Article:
The Future of Speech-Based Human-Computer Interaction

Our interactions with voice-based gadgets and services are becoming more common in today’s world. In light of this, researchers from the Tokyo Institute of Technology and RIKEN in Japan conducted a meta-synthesis to better understand how we perceive and interact with various robots’ voices (and bodies). Their findings have revealed human preferences, which engineers and designers may utilize to construct future speech systems.

Humans typically communicate through vocal and auditory means. Not only do we communicate linguistic information, but we also communicate the intricacies of our emotional states and personalities. Tone, rhythm, and pitch are all important aspects of our voice that influence how we are viewed. To put it another way, how we say things counts.

The influence of computer speech on user perception and interaction has been studied extensively.

We are broadening our interactions to incorporate computer agents, interfaces, and settings as technology progresses and the introduction of social robots, conversational agents, and voice assistants into our lives. Depending on the type of technology under investigation, research on these technologies may be found in the domains of human-agent interaction (HAI), human-robot interaction (HRI), human-computer interaction (HCI), and human-machine communication (HMC).

Example of Speech-Based Human-Computer

The influence of computer speech on user perception and interaction has been studied extensively. These studies, on the other hand, are dispersed over a variety of technologies and user groups, and they focus on various features of voice.

In this regard, a group of researchers from Tokyo Institute of Technology (Tokyo Tech), RIKEN Center for Advanced Intelligence Project (AIP), and gDial Inc., Canada, have compiled findings from several studies in these fields with the goal of providing a framework that can guide future computer voice design and research.

As lead researcher, Associate Professor Katie Seaborn from Tokyo Tech (Visiting Researcher and former Postdoctoral Researcher at RIKEN AIP) explains, “Voice assistants, smart speakers, vehicles that can speak to us, and social robots are already here. We need to know how best to design these technologies to work with us, live with us, and match our needs and desires. We also need to know how they have influenced our attitudes and behaviors, especially in subtle and unseen ways.”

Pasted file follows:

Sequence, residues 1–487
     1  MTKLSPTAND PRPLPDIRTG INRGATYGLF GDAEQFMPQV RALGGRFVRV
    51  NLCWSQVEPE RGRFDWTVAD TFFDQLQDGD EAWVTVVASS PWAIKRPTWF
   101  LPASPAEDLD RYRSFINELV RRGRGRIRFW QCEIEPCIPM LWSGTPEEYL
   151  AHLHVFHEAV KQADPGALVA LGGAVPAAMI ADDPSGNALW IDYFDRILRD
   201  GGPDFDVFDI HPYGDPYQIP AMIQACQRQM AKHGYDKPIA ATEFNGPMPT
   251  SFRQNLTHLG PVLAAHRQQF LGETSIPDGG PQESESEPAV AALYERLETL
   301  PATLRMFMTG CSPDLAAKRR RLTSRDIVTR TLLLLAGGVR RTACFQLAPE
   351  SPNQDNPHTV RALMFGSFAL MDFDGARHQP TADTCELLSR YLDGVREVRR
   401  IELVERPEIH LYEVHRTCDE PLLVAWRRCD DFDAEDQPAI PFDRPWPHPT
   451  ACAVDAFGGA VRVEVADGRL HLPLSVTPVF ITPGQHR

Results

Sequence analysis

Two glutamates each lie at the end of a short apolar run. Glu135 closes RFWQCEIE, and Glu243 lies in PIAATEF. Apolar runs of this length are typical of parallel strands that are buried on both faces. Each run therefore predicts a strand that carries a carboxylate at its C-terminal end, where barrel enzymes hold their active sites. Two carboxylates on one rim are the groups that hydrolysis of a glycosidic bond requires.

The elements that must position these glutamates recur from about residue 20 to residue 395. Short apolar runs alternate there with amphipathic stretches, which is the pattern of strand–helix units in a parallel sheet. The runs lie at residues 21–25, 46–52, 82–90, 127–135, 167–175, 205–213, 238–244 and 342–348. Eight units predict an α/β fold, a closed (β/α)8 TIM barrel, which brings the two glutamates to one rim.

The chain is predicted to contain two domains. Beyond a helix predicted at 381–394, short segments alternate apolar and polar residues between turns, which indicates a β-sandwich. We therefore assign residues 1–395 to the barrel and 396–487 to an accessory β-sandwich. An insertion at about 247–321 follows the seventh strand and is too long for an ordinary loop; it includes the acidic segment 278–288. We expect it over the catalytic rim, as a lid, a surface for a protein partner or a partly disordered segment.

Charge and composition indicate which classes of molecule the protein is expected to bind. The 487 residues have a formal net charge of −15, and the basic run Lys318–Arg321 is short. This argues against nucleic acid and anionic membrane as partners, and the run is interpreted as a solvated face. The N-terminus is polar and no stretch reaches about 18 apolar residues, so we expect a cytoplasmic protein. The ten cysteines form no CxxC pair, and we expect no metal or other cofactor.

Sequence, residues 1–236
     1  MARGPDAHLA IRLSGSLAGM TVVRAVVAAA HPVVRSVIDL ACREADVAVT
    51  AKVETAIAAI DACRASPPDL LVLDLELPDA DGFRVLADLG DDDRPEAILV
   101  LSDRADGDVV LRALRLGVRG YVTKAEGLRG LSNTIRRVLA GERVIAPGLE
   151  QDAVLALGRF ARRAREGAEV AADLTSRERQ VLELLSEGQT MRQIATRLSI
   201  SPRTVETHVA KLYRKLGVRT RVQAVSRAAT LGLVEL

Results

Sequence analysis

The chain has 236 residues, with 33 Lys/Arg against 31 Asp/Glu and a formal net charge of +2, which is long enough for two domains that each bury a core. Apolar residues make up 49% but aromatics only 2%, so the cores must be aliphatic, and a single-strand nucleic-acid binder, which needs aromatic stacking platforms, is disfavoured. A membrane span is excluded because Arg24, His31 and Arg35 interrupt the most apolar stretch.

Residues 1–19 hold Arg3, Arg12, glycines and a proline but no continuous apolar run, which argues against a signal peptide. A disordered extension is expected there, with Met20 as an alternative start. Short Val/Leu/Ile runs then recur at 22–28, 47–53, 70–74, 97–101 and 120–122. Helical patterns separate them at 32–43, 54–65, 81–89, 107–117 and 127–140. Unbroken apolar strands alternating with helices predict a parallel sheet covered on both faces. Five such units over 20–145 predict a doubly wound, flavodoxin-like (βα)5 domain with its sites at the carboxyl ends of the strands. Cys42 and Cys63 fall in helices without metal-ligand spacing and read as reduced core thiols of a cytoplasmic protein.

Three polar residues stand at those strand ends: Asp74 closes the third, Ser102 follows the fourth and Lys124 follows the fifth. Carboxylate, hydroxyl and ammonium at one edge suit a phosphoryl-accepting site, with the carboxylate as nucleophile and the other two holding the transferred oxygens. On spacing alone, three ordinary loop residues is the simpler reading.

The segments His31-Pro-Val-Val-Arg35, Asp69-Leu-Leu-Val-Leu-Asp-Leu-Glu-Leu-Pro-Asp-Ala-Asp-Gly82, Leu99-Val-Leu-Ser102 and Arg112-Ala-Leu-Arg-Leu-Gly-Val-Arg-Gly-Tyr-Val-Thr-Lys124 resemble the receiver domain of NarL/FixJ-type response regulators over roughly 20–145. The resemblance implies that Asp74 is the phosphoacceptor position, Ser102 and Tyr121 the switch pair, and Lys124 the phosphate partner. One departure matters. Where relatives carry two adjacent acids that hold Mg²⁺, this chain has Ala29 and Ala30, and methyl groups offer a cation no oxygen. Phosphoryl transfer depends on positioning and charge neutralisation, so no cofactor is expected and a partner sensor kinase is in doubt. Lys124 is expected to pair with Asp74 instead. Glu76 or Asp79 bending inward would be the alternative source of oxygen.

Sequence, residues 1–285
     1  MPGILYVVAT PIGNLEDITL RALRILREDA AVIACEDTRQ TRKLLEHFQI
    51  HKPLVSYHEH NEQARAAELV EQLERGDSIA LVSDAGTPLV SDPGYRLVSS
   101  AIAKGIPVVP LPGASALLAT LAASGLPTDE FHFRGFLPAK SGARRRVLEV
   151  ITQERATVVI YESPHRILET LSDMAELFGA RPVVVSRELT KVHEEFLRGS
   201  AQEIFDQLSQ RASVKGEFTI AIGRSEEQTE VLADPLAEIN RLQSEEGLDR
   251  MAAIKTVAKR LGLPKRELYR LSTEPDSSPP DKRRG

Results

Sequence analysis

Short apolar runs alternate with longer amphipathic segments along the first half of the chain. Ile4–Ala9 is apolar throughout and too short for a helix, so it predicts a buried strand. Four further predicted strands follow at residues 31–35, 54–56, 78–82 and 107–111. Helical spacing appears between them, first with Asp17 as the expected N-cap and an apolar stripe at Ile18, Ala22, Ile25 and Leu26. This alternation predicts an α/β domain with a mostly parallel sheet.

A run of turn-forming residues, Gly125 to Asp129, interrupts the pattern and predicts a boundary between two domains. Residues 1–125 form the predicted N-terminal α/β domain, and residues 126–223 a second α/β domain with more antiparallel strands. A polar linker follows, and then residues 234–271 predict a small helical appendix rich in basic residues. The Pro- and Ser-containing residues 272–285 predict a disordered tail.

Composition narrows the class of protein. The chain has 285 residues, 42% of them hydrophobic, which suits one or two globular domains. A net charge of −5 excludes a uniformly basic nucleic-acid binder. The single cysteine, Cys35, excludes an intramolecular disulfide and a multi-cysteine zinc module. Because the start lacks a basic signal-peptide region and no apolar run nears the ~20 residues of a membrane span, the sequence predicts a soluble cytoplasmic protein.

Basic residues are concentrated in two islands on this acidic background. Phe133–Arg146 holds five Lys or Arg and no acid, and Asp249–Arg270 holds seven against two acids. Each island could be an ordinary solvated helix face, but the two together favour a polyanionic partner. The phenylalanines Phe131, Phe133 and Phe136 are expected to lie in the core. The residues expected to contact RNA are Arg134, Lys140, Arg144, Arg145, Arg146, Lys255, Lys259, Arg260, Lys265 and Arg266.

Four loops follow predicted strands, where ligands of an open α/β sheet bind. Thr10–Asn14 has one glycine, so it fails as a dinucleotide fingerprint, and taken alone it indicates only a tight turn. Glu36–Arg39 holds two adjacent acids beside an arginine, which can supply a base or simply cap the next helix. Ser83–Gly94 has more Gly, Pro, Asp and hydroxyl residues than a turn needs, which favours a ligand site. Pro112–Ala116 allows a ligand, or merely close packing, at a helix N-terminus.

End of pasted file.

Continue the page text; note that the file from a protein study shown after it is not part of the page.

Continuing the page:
The team’s study looked at peer-reviewed journal publications and conference proceedings papers that focused on how users perceive agent’s voice. The source materials included a wide range of agent, interface, and environment kinds and technologies, with “bodyless” computer voices, computer agents, and social robots accounting for the bulk.

The majority of the reported user comments came from university students and adults. The researchers were able to identify and analyze trends in these articles, as well as make inferences about agent voice perceptions in a number of interaction scenarios.

Users anthropomorphized the agents they communicated with, and favored encounters with agents that matched their personality and speaking style, according to the findings. Human sounds were preferred above-synthesized voices. The use of verbal fillers such as pauses and phrases such as “I mean…” and “um” strengthened the engagement.

People liked human-like, cheerful, compassionate voices with higher tones, according to the poll. However, these preferences did not remain constant over time; for example, user preferences for voice gender shifted from masculine to more feminine sounds. The researchers were able to develop a high-level framework to categorize different forms of interactions across various computer-based technologies based on their findings.

The influence of the agent’s body, or morphology and form factor, which may take the shape of a virtual or physical character, display or interface, or even an item or environment, was also studied. They discovered that when agents were embodied and the voice “matched” the body of the agent, consumers had a better perception of them.

The field of human-computer interaction, particularly voice-based interaction, is still growing and evolving on a regular basis. As a result, the team’s survey offers an important beginning point for researching and developing new and current technologies in voice-based human-agent interaction (vHAI).

“The research agenda that emerged from this work is expected to guide how voice-based agents, interfaces, systems, spaces, and experiences are developed and studied in the years to come,” Prof. Seaborn concludes, summing up the importance of their findings.